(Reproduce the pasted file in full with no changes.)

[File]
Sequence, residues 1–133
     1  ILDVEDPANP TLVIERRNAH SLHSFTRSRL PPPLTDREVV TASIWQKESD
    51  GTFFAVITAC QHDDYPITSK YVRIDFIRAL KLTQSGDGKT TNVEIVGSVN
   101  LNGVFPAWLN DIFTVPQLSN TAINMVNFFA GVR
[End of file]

Sequence, residues 1–133
     1  ILDVEDPANP TLVIERRNAH SLHSFTRSRL PPPLTDREVV TASIWQKESD
    51  GTFFAVITAC QHDDYPITSK YVRIDFIRAL KLTQSGDGKT TNVEIVGSVN
   101  LNGVFPAWLN DIFTVPQLSN TAINMVNFFA GVR